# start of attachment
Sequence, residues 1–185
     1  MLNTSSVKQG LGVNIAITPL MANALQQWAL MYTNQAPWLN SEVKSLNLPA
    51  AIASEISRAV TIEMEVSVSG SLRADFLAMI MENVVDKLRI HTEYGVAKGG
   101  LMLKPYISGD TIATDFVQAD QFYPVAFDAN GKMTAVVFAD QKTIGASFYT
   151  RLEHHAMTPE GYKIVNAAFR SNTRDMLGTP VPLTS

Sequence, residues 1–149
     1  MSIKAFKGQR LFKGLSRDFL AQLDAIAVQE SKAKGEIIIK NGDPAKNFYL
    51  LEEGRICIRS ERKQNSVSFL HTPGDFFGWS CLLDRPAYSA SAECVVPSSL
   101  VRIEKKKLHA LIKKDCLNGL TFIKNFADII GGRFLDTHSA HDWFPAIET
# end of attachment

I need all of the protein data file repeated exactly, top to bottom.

Sequence, residues 1–185
     1  MLNTSSVKQG LGVNIAITPL MANALQQWAL MYTNQAPWLN SEVKSLNLPA
    51  AIASEISRAV TIEMEVSVSG SLRADFLAMI MENVVDKLRI HTEYGVAKGG
   101  LMLKPYISGD TIATDFVQAD QFYPVAFDAN GKMTAVVFAD QKTIGASFYT
   151  RLEHHAMTPE GYKIVNAAFR SNTRDMLGTP VPLTS

Sequence, residues 1–149
     1  MSIKAFKGQR LFKGLSRDFL AQLDAIAVQE SKAKGEIIIK NGDPAKNFYL
    51  LEEGRICIRS ERKQNSVSFL HTPGDFFGWS CLLDRPAYSA SAECVVPSSL
   101  VRIEKKKLHA LIKKDCLNGL TFIKNFADII GGRFLDTHSA HDWFPAIET